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Posthumous music releases: Nothing new but the new norm in hip hop

By in Culture

The posthumous album of Mac Miller titled Circles debuted at No. 3 on Billboard’s Top 200 after being released by his family on Jan. 17. The album was announced on Instagram by the late rapper’s family saying, “This is a complicated process that has no right answer.”

On the same day, Eminem released his Music to Be Murdered By, which eclipsed Miller’s album by debuting at No. 1. The most popular track on the album, “Godzilla,” features a catchy hook recorded by Juice Wrld before he passed from a drug-induced seizure on Dec. 8. 

The media’s sensationalization of a famous rapper’s death has astounding effects on their popularity. Following Juice Wrld’s and Miller’s overdoses, their music streams rose 453 and 970 per cent, respectively.

Because Miller and Juice Wrld shared similar causes of death, their posthumous reception is at the epicentre of concerns about artistic intent and commercialism. 

While Circles and “Godzilla” were both projects worked on by the artists before their deaths, other proposed posthumous records raise questions about how the musician’s estates are managed and the ethics of profiting from deceased artists.

But posthumous album releases are nothing new in hip hop or music for that matter. Following the murder of Tupac Shakur, Interscope Records and his mother’s record label Amaru Entertainment released more albums than the rapper had during his lifetime. 

And after The Notorious B.I.G.’s death, his acclaimed Life After Death album came out and reached the top of Billboard’s Hot 100.

Similarly, Nipsey Hussle, who was murdered last March, was awarded with the best rap performance for his single “Racks In The Middle” at the 62nd Grammy Awards.

While these examples highlight projects that artists intended to release during their lifetime, the story of XXXTentacion’s posthumous releases show how this process can be prioritized on producing content for profits. Before the 20-year-old’s murder in 2018, he reportedly signed a $10-million record deal with EMPIRE Distribution inherited by his mother along with the rights to his estate.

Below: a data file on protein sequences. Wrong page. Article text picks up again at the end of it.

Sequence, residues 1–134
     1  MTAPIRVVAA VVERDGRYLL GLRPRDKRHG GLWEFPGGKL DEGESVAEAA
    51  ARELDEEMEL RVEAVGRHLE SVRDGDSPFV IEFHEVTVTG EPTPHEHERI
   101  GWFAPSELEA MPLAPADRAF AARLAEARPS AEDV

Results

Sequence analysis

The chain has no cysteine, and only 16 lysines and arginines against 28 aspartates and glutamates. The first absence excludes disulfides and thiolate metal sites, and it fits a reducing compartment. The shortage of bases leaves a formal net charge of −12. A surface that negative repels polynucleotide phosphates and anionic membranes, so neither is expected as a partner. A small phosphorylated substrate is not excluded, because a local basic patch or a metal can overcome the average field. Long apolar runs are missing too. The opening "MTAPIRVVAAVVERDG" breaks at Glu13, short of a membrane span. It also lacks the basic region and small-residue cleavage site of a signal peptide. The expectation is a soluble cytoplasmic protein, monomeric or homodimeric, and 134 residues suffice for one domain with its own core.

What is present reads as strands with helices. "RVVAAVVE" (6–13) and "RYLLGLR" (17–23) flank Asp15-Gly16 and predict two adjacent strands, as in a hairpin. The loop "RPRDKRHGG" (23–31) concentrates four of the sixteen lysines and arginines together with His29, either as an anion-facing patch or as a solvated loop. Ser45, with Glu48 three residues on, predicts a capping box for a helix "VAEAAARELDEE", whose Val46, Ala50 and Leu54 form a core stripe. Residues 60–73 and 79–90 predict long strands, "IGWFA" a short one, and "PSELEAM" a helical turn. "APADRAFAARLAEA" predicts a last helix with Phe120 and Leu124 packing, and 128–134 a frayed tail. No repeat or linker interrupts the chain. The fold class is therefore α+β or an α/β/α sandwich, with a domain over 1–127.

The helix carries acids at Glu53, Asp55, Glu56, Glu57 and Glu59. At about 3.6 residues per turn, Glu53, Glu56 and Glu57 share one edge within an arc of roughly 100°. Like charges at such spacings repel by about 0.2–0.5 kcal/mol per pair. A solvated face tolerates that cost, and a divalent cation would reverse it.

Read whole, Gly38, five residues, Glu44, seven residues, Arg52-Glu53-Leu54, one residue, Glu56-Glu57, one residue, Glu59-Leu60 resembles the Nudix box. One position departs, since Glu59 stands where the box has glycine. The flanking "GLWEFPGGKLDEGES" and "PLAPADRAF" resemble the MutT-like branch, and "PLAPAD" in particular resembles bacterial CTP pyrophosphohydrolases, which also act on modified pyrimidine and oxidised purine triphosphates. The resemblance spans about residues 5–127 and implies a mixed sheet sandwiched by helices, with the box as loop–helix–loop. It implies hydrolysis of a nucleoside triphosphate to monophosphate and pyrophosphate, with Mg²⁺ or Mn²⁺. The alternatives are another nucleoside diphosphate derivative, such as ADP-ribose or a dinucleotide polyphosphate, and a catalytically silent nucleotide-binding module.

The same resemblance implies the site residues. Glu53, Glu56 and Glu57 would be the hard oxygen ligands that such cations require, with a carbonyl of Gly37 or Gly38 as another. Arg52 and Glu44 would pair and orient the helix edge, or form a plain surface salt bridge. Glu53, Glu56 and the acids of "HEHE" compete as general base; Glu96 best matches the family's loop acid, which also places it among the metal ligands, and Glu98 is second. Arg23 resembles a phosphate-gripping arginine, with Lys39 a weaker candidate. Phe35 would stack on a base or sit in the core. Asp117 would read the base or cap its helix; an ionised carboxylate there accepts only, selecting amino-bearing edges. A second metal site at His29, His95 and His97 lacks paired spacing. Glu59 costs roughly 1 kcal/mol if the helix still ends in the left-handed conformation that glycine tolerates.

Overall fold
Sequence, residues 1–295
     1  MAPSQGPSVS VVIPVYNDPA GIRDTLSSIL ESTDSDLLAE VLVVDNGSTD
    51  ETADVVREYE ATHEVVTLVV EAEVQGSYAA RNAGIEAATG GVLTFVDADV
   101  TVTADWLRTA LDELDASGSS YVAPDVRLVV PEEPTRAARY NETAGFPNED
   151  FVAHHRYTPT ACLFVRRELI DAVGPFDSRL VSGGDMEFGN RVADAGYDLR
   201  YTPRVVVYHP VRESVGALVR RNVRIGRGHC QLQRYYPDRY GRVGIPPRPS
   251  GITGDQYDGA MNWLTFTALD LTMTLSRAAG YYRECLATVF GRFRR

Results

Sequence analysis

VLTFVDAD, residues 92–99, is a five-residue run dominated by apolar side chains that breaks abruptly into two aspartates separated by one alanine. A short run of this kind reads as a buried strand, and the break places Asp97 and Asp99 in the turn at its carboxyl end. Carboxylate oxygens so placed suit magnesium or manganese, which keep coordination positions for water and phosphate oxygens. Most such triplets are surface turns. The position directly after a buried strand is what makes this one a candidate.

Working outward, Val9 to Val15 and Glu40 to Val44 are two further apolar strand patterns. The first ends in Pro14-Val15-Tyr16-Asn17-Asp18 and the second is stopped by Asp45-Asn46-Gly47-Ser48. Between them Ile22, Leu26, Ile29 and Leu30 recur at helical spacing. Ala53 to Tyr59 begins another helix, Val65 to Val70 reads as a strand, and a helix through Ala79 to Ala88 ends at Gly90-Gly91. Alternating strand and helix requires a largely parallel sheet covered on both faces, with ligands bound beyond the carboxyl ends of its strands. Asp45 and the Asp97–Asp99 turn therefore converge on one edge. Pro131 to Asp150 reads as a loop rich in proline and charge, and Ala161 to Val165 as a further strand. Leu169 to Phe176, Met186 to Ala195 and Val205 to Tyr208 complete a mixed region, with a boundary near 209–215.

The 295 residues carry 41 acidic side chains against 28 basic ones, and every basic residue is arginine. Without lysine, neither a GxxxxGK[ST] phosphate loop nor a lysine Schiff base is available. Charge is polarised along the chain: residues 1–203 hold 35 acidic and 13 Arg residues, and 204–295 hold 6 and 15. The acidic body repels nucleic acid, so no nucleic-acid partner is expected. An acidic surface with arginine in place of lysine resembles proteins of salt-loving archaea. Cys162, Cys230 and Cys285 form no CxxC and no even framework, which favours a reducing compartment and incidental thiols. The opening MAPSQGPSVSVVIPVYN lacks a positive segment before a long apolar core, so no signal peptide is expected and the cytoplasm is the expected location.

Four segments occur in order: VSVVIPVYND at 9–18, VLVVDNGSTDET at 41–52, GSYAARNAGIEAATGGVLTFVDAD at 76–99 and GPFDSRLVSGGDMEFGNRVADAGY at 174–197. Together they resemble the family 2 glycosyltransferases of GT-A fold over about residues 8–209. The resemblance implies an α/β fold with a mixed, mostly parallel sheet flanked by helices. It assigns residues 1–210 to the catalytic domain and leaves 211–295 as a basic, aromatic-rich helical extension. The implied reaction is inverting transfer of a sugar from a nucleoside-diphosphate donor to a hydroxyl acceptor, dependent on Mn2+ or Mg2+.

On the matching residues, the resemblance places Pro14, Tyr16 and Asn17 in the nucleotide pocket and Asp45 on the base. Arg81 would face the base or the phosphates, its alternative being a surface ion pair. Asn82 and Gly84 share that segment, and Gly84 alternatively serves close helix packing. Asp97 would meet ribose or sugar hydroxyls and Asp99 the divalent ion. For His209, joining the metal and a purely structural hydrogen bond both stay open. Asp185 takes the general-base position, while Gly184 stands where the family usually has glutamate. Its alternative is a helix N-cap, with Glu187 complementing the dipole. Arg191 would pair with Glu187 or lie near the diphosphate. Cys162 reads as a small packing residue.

Similarly to Miller and Juice Wrld, XXXTentacion’s popularity soared after his death and his streams rose 549 per cent. Since then, his estate has published four albums, including the most recent Bad Vibes Forever released on Dec. 6 and ahead of this, a brand new merchandise line was announced.

But if posthumous music was a spectrum of artistic intent, Bad Vibes Forever and Miller’s Circles feel like they would be on opposite ends. Miller’s album consists of 12 fully fledged songs and was produced primarily by Jon Brion. Comparatively, Bad Vibes Forever consists of 25 never­-released recordings made by XXXTentacion retrofitted into songs by 13 producers. 

The contrast between these two posthumous records shows the difference between honouring an artist’s legacy versus capitalizing on their image. Since Circles was always intended to be a companion piece to Miller’s 2018 album Swimming, it feels like a part of the musician’s vision.

But Bad Vibes Forever’s endless tracklist of what seems to be every demo recording XXXTentacion made during his lifetime set to unrelated beats comes across as shovelled out content to promote merchandise.

For these reasons, Circles has received much acclaim and has been praised by critics as a “fitting farewell.” Whereas, Bad Vibes Forever had poor responses and Pitchfork’s review described it as “more of a monument to XXXTentacion’s brand than his artistry.”

Like Miller and XXXTentacion, Juice Wrld’s family and label announced that they will be releasing posthumous projects “to honour Juice’s talents, his spirit … by sharing unreleased music.” However, it is unconfirmed whether the upcoming albums will continue with his habit of glorifying drug use after his tragic overdose at the age of 21. 

Juice Wrld reportedly had about 2,000 songs recorded at the time of his death that could be potentially used for future albums. But even if 100 Juice Wrld songs were released each year, there would be enough material for two decades worth of releases.

While there might be “no right answer” when it comes to releasing posthumous music and honouring a deceased artist’s legacy, the decisions made by the estates of Miller and XXXTenacion reveal two distinct paths Juice Wrld’s family could take for the upcoming album.

Noah Callaghan/ Staff Writer

Photo: Flickr/ Tyler Merbler

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